Phase 1 of Mbabarira will document the Word For All Nations and Prison Fellowship Rwanda’s initial rollout of Project Ubumwe for two weeks in late October 2015. This will include prisoner confessions, victim testimonies, forensic investigation of burial sites and other supporting evidence, as well as the meetings of prisoners with the families of their victims.

By focusing on genocide perpetrators’ repentance, reconciliation & reintegration into the community, Project Ubumwe directly challenges the western concept of justice. At a time when Americans are increasingly dissatisfied with mass incarceration aimed at punitive justice, the Rwandan model presents a striking alternative based on restorative justice and significantly lower rates of recidivism.

The film will explore how the teachings of Christianity are a driving force behind the post-genocide reconciliation movement in Rwanda. As a fly on the wall, our lens will bear witness to the testimonies of the perpetrators and the reactions of the victims’ families. Are the confessions sincere? Can forgiveness ever exist when the crimes were so heinous?

As the story unfolds, Rev. Gerrit, Pastor Deo, and their chaplains will guide us, and the confessed prisoners, through the challenging mission of Project Ubumwe.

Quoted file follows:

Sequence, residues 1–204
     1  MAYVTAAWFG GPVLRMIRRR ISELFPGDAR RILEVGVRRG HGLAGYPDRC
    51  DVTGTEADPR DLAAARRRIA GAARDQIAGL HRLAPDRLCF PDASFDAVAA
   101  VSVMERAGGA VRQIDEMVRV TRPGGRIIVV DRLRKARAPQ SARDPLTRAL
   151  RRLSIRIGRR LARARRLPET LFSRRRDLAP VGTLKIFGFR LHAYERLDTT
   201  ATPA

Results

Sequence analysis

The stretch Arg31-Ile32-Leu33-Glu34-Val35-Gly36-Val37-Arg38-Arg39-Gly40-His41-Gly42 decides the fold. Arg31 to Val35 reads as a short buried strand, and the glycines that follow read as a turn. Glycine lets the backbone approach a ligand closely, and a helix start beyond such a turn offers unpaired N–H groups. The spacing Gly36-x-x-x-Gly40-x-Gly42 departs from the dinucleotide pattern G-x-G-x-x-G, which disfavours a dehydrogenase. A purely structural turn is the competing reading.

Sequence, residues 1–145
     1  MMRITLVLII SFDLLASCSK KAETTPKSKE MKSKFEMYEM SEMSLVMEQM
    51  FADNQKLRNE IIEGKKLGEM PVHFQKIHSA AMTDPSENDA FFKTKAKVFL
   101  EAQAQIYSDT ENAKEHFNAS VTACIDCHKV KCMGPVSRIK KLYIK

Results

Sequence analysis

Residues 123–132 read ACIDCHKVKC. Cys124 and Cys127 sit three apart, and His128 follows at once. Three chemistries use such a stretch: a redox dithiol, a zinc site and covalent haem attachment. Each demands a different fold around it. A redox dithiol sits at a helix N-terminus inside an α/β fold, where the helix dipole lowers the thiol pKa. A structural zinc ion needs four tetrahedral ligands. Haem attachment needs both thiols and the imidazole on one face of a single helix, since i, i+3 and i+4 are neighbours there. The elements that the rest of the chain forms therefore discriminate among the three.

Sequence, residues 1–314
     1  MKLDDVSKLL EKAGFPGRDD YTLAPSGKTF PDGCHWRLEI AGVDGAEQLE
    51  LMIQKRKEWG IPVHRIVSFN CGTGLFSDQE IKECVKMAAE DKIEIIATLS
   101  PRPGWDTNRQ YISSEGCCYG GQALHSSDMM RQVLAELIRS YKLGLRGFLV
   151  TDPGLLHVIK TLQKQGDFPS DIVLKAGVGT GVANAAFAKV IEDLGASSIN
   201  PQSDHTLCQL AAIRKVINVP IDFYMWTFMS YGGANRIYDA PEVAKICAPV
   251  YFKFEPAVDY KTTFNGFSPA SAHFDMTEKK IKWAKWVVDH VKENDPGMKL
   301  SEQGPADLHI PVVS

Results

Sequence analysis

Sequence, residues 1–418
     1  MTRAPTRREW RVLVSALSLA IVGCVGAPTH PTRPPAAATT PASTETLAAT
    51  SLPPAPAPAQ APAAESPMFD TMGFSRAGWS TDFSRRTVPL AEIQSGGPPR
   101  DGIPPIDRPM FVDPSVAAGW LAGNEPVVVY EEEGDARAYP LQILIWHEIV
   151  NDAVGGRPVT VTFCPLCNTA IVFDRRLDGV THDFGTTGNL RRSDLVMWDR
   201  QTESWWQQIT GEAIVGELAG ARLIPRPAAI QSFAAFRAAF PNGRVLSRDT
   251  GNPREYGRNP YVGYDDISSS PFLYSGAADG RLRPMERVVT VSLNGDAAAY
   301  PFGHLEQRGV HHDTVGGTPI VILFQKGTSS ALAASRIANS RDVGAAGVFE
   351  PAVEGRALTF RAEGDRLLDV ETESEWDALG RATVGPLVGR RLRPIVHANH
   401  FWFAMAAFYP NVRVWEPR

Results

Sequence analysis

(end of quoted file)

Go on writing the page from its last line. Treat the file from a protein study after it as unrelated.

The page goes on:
The doors of opportunity have opened rather suddenly, with the Rwandan prison Authority authorizing access for us to film and take part in the confession and reconciliation process - where no other documentarians or journalists have ever been allowed.

We need help financing the basics of Phase 1. The filmmakers have already purchased a plane ticket for Thabo as well as provided him with most of the equipment. The trip to Rwanda is a "go!" However, to make the project a success our immediate financial need is for:

1) $2500 for Accomodation, Transportation, Meals for crew and their hosts.

2) $1500 for a Sound Mixer and Equipment for two weeks.

3) $1500 for additional Camera Operator for two weeks.

4) $1300 for additional Camera, Lighting, and Editorial equipment.

5) $800 for director's expenses.

We would love to exceed our goal so that we can dive right into Phase 2. Thank you for generously helping out!

Thabo, Ken, and Melanie



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$100 USD
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Donations $100 and above will receive a "Thank You" credit in our feature film.
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$10,000 USD
Executive Producer
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Any donors making $10,000+ contributions on this phase of the documentary film will receive Executive Producer credits. Only two credits available!